The partnership also comes as Teachers College expands its iTeachAZ curriculum from elementary education programs to secondary education. iTeachAZ is the redesigned teacher preparation program that places greater emphasis on clinical experiences and knowledge of academic content for future teachers.

The cornerstone of iTeachAZ is a significantly enhanced student teaching experience, dubbed the senior-year residency, which encompasses an entire academic year, versus the traditional one-semester model. Starting in the fall of 2013, Teachers College secondary education majors at Central will participate in senior-year residencies.

“At Teachers College we look for every possible avenue to help students at all levels to succeed,” Koerner said. “SunsCentral employs a variety of approaches and tactics to support students at Central High School in their quest to earn their diplomas, and we are extremely pleased that the Suns gave us the opportunity to be involved with such a worthwhile project.”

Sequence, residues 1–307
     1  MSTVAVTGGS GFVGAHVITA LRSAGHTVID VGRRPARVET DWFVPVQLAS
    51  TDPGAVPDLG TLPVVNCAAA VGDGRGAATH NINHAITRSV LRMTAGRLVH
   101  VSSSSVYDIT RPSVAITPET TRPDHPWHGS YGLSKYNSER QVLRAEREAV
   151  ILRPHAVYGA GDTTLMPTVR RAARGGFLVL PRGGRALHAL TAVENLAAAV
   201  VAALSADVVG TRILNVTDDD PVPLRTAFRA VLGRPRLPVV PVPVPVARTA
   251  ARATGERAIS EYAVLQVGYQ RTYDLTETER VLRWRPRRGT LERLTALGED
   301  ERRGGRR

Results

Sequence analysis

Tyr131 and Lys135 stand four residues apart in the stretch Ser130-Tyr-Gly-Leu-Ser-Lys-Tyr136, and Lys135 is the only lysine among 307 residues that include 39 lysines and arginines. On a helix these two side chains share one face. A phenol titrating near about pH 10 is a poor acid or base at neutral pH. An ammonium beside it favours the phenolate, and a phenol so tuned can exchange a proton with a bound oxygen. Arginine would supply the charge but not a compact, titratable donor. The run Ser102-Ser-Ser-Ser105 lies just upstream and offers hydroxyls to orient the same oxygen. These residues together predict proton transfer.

ASU grad student to build infrared camera for nanosatellite space mission

January 23, 2013

Michael Veto, a third-year graduate student in the School of Earth and Space Exploration (SESE) at Arizona State University, has been chosen to build an infrared and visible light camera system that will launch on a space satellite. Veto, who earned his undergraduate degree in aerospace engineering at ASU, is a geology doctoral student of Philip Christensen, Regents' Professor of Geological Sciences in ASU's College of Liberal Arts and Sciences.